A new report from Pymnts.com and Forter Inc., a company specializing in fraud prevention, paints a bleaker picture for retailers. Titled Global Fraud Attack Index, the report revealed that fraud attacks against online merchants based in the United States have grown by 11 percent since the October 2015 EMV (Europay, MasterCard and Visa) liability shift from card issuers to merchants.
Additional data points from that report indicate that online merchants:
"Let there be no doubt: payments fraud is an enormous challenge for all organizations," said Jim Kaitz, President and Chief Executive Officer of the Association for Financial Professionals, a trade association for corporate treasury executives that surveys members each year about fraud experiences.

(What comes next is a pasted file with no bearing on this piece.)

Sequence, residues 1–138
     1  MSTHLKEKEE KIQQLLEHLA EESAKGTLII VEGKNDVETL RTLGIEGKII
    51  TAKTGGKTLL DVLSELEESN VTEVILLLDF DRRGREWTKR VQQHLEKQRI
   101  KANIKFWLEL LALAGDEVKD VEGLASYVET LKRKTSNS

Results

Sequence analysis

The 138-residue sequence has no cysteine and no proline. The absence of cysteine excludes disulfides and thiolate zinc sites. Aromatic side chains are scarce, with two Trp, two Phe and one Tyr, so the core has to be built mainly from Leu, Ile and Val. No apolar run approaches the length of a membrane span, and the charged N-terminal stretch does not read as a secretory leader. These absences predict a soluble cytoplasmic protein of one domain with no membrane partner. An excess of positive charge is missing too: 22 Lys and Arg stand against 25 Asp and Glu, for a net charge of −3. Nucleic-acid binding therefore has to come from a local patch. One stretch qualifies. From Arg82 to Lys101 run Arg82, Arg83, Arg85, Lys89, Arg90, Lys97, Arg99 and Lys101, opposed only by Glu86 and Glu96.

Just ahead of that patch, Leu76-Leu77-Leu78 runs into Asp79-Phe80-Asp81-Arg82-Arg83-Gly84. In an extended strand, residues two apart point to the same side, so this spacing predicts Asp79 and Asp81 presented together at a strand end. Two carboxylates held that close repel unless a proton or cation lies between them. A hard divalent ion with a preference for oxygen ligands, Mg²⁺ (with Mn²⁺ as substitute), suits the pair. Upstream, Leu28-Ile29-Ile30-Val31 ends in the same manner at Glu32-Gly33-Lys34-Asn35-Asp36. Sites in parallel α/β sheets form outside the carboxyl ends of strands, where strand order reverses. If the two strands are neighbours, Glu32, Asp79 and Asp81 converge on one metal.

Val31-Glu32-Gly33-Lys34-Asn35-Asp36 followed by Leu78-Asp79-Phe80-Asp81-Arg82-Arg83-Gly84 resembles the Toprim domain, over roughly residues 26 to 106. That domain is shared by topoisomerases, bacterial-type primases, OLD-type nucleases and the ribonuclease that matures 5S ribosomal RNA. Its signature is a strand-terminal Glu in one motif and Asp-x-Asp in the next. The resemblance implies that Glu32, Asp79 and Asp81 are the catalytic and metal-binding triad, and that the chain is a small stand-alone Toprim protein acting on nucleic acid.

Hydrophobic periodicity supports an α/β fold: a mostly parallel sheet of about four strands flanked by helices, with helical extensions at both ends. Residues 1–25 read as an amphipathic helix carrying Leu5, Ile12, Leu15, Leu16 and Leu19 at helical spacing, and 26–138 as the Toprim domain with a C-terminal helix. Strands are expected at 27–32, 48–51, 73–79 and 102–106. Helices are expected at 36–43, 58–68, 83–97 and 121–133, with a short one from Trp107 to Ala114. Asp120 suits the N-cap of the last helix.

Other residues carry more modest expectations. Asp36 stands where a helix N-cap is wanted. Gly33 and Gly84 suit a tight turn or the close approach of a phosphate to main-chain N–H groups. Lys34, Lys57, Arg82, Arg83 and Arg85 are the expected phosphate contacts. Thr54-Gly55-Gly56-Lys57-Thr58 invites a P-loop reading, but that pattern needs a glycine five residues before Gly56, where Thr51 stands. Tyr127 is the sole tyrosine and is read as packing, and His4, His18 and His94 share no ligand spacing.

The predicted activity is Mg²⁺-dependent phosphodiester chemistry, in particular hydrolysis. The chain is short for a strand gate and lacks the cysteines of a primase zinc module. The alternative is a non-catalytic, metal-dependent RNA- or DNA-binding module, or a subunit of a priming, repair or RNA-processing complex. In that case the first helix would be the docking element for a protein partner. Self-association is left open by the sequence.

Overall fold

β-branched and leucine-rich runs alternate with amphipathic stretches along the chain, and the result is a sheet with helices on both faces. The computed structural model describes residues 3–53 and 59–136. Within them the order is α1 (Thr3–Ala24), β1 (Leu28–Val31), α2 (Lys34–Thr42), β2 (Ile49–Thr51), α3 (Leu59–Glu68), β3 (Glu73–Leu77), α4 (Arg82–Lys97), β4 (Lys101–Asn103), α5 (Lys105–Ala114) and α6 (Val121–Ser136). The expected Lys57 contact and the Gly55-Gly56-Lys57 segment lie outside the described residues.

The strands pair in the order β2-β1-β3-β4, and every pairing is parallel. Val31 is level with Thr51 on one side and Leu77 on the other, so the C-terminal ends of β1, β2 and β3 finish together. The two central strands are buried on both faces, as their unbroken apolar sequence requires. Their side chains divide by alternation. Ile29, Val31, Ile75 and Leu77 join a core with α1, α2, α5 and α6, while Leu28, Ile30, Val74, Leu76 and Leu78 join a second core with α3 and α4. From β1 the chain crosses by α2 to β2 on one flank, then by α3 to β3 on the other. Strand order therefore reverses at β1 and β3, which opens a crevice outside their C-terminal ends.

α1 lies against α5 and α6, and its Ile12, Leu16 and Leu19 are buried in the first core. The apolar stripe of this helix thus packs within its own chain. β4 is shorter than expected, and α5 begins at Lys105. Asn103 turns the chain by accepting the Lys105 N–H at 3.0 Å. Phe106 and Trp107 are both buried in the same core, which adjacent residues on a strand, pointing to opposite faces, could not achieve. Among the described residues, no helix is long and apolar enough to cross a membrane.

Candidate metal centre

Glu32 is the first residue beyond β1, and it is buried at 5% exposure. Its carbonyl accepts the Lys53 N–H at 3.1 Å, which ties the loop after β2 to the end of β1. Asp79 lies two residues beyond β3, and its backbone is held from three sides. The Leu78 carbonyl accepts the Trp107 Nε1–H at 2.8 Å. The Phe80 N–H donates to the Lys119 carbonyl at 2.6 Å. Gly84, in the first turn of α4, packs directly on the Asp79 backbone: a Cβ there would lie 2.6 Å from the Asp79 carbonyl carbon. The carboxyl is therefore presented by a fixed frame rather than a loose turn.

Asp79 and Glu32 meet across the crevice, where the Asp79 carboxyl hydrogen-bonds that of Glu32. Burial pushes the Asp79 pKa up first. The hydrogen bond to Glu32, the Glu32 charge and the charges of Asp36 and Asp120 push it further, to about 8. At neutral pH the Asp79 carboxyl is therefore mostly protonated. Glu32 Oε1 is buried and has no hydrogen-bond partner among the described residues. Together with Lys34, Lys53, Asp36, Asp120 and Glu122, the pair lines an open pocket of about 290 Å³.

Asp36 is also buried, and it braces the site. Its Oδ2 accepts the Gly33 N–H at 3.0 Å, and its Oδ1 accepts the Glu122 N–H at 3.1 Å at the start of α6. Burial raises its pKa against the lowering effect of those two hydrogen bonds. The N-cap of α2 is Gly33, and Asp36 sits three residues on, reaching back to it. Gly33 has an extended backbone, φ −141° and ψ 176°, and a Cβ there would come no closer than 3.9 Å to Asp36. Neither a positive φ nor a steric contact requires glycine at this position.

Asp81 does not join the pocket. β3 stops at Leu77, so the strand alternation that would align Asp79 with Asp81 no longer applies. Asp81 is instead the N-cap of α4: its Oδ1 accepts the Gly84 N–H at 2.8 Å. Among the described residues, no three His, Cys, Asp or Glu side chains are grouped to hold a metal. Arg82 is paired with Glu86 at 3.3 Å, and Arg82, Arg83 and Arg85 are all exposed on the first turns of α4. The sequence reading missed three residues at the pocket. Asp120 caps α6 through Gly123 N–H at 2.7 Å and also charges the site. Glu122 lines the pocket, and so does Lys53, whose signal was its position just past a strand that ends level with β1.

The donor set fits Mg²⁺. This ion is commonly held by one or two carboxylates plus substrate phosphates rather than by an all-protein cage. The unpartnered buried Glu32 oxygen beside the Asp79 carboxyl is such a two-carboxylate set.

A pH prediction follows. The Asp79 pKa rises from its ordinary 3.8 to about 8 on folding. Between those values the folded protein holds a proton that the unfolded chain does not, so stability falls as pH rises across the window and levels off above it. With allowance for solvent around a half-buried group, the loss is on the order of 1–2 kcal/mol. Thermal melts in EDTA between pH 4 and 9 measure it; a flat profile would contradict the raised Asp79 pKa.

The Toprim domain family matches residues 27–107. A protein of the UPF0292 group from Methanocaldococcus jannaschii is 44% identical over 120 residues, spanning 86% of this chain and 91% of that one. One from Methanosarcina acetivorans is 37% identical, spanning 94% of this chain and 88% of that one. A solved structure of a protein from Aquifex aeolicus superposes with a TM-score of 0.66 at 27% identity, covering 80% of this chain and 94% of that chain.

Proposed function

According to the 2016 AFP Payments Fraud and Control Survey, released in March, check fraud remains a huge threat to corporations; however, wire fraud is growing, too. In 2015, 48 percent of companies surveyed by the AFP had been exposed to wire fraud, up from 27 percent in 2014 and 14 percent in 2013.
By and large, treasury managers think EMV should help alleviate fraud pressures, the AFP reported. Yet 90 percent expect fraudsters to shift their focus away from cards and toward other payment methods as EMV takes hold in the United States; that's up from 80 percent in 2014.
The liability shift related to EMV puts merchants on the hook for billions of dollars in card-present chargebacks that, in the past, had been borne primarily by card-issuing banks. It has been highly controversial.